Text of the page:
That book popped up in my memory on Saturday, when I learned that one person in Michigan had won the Mega Millions jackpot that I wanted to win. I especially wanted to win this time because my sisters and mother and I went in to buy tickets together, and it would have been a lot of fun to have all of us win at the same time. Even if we had taken the cash option instead of the annuity, all four families would have won more money than we could possibly spend.  

My husband and I had figured out the name of the charity we would establish with the bulk of the money, a possible place to move to (in Huntsville, to be close to my mother), what he and I would do with our time and our post-lottery travel plans, which involved a nice motor home and a trip through many different areas of the United States.   

The thing I would have enjoyed the most would have been finally being able to write full-time. Don’t get me wrong; I love my job, but I love writing more. So while I wish the person in Michigan all the best, I still can’t help thinking, along with Tevye in Fiddler on the Roof, “Lord who made the Lion and the Lamb, You decreed I would be what I am. Would it spoil some vast eternal plan,” if I were a wealthy person? 


I also can’t help wondering, just as the priest in the book did, what thread connects the lives of the winners of big jackpots pre-drawing so that they win, and others don’t? At least I won’t get burned at the stake for whatever it is I conclude.  


So what are your dreams if you ever came into a windfall of immense proportions?   




P.S.  My learned colleagues here at WWK inform me that the book is The Bridge of San Luis Rey, written by Thornton Wilder, and in the book five people die on the bridge, not seven. 

Sunday, January 24, 2021

Organized Chaos by Annette Dashofy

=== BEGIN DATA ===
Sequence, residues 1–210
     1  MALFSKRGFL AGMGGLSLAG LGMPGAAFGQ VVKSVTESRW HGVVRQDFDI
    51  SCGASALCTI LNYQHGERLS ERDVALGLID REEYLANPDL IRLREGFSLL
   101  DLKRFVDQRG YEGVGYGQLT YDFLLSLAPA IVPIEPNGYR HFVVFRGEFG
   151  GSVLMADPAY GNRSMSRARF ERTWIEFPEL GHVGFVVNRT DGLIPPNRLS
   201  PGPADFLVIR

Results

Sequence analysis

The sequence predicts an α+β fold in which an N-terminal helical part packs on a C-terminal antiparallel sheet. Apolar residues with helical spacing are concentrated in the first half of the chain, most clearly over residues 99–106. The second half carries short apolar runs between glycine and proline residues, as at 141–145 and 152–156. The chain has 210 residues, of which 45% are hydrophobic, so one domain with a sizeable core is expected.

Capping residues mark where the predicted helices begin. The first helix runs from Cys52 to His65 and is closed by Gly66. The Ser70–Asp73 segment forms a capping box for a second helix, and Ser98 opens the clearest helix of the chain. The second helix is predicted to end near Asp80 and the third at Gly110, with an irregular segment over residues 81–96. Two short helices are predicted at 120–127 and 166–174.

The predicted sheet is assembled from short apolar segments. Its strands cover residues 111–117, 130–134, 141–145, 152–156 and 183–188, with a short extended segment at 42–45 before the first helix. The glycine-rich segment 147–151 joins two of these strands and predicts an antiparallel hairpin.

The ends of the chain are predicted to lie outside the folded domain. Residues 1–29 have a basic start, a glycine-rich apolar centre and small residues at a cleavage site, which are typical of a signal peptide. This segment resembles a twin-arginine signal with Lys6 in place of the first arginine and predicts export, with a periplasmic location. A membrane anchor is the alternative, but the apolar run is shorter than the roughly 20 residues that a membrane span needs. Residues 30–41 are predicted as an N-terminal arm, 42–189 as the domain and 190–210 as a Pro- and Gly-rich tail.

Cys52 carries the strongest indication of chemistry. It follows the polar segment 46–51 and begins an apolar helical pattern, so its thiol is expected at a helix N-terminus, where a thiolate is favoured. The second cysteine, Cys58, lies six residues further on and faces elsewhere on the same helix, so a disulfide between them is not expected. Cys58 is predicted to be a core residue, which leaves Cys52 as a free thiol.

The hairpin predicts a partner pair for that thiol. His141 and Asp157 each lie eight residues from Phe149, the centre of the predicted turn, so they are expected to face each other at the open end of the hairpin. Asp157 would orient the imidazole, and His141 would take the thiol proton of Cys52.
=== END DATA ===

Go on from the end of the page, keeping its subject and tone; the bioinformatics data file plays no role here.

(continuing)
I really need to clean my desk.

I’ve been asking my readers on Facebook to help me come up with a blog topic for today. No, cleaning my desk wasn’t one of them. I’ve made a list of the suggestions, all of which are great. But one was a topic I’ve already used recently. Several others will make excellent topics closer to the release of my next book, which isn’t until May. I can’t address current events for two reasons. One, we’re all sick of hearing about politics and COVID. And two, between the time I write this and the time you’re reading it, everything could change. Let’s face it, in the past couple of weeks, “current events” mean “in the last ten minutes.”

So I’m sitting here, staring into space, which as most writers know is legitimate work. We’re pleading with the muses to honor us with an idea. Any idea. Please!

Which is when my glassy-eyed gaze settled on my desk. Good lord. How did this mess happen?

 


I intended to clear it over the holidays. I need to file important papers. Create a folder to organize my workshop handouts. Compile notes from online seminars and classes. Seriously, I have about ten notebooks and legal pads piled around my office, all with half a dozen pages of notes on various topics from marketing to law enforcement to edits for my works in progress. If I need to print something out, I have to move an unstable mountain of paperwork from the top of the printer.

 


Let’s not forget last year’s receipts, all gathered for filling out tax forms. To be honest, that stuff is the only organized pile in the room, because nothing terrifies me more than the IRS.

I would list what’s on my desk, but I don’t have enough space in this blog for it all. And if you think I’m going to show you a complete “before” picture, nope. Not happening. If I’m successful between the “now” of me writing this and the “now” of you reading it, I will post an “after” picture though. (Edit: I was and I am!) 


Is your desk neat and organized? Or do you work in the midst of chaos? Or somewhere in between? What’s on your desk?

 

 

Saturday, January 23, 2021

Tools of the Trade, by Kait Carson

When I find a writing tool that works, my first thought is, how cool, my second thought is, alert the media and tell the world. I consider it a public service.